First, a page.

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Hawaii is dissolving from the inside out, study shows


A new study has found that Hawaii may be becoming flatter due to internal erosion say geologists at Brigham Young University.


Robyn Beck

New research shows that Hawaii is actually dissolving from within and the mountainous island may be flat some day.

Geologists at Brigham Young University claim that the mountains are slowing being carried away by the groundwater and being pushed out to sea.

The study used estimates from the US Geological Survey and found that two mountains on the island of Oahu were dissolving from within due to groundwater.

Koolauand and Waianae mountains are disappearing as the groundwater is washing the sediment away, reported PTI.

This is opposed to more typical methods of erosion washing away mountains from the exterior and washing them out to sea via overland streams.

Researchers said that they will eventually become totally flat, though that might be more than one million years away.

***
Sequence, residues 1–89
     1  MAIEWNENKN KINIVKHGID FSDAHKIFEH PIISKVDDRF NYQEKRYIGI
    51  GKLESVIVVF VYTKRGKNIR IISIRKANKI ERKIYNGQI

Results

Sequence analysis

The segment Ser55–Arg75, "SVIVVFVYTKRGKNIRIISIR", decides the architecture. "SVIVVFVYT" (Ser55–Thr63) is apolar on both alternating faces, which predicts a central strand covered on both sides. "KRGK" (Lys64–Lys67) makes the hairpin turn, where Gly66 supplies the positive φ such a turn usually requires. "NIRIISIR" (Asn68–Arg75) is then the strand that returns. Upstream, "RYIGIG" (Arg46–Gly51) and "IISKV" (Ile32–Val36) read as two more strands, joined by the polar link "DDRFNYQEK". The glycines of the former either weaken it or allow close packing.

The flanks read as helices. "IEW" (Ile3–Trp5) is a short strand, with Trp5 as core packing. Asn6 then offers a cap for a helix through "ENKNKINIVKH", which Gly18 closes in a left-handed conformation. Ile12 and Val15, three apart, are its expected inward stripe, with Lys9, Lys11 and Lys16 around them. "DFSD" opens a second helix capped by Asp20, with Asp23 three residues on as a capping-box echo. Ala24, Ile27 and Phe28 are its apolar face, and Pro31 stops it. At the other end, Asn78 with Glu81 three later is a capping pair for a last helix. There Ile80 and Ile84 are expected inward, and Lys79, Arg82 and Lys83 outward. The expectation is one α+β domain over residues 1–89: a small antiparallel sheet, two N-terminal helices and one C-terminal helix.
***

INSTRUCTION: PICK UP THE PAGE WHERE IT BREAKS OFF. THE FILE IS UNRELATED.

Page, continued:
They say that despite the internal erosion, islands like Oahu continue to grow.

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Plate tectonics is still pushing them upward but before long erosion and internal dissolving will flatten the island like Pacific neighbor Midway, an atoll northwest of the Hawaiian archipelago.

“I don’t think that groundwater will win out faster,” lead author and geologist Steve Nelson said, according to the Science Recorder.

“The wet parts of the island are getting flushed pretty rapidly as it is. It’s good to remember that an atoll like Midway has had 20 plus million years to erode to sea level. Oahu is about 1/10th that age.”

The study was published in the journal Geochimica et Cosmochimica Acta.